The Healing Touch of Virginia Satir
“From the very beginning of her career, starting out as a school teacher in the late 1930s, Satir was drawn to people who were haunted by their sense of being different. At night, she would visit the homes of the students in her class to find out what was getting in their way, what triggered the feelings of low self-esteem that weighed so heavily on some of them. In the process, she discovered the power of the family and its role in constraining a child’s development. Later, when she became a social worker and grew increasingly interested in figuring out the subtle dynamics of family life, it was the outcasts—the schizophrenics, the institutionalized, the unwed mothers, the lost souls of the world—who drew her deepest sympathies.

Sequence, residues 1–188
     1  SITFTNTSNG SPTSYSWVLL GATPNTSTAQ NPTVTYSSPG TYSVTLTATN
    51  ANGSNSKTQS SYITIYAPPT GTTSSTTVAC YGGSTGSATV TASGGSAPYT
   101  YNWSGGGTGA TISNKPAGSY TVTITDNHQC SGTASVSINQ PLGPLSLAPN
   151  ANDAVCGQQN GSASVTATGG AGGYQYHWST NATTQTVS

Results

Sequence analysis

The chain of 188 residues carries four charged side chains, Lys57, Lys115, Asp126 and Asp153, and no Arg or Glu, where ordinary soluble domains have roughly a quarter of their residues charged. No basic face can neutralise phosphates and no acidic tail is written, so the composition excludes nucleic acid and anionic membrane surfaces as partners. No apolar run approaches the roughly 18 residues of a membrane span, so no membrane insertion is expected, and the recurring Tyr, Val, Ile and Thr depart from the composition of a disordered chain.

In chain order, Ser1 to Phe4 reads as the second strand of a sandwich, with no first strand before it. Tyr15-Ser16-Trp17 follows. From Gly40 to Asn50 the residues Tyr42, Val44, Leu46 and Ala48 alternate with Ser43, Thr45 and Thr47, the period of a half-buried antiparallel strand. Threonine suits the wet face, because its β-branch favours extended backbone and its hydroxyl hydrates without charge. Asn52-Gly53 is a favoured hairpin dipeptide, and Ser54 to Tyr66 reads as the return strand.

By the late ’50s, Satir was already receiving widespread recognition as one of the foremost practitioners of a new approach to change called family therapy. In 1964, with the publication of Conjoint Family Therapy, her practical, down-to-earth introduction to the art of this new therapy, she gained a worldwide reputation. Constantly on the road from that time until the very end of her life, demonstrating her dramatic techniques and deeply empathic way of working, she became a kind of living legend as family therapy’s most celebrated recruiter and good-will ambassador.” (Richard Simon, Awaken)